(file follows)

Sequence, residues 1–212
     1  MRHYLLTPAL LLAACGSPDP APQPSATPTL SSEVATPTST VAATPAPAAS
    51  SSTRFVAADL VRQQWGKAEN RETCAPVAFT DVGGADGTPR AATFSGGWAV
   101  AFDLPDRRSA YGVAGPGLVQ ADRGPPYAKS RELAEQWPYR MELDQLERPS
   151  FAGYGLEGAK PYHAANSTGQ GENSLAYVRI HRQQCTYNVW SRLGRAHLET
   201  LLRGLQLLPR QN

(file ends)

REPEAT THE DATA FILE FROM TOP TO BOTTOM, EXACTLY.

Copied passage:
Sequence, residues 1–212
     1  MRHYLLTPAL LLAACGSPDP APQPSATPTL SSEVATPTST VAATPAPAAS
    51  SSTRFVAADL VRQQWGKAEN RETCAPVAFT DVGGADGTPR AATFSGGWAV
   101  AFDLPDRRSA YGVAGPGLVQ ADRGPPYAKS RELAEQWPYR MELDQLERPS
   151  FAGYGLEGAK PYHAANSTGQ GENSLAYVRI HRQQCTYNVW SRLGRAHLET
   201  LLRGLQLLPR QN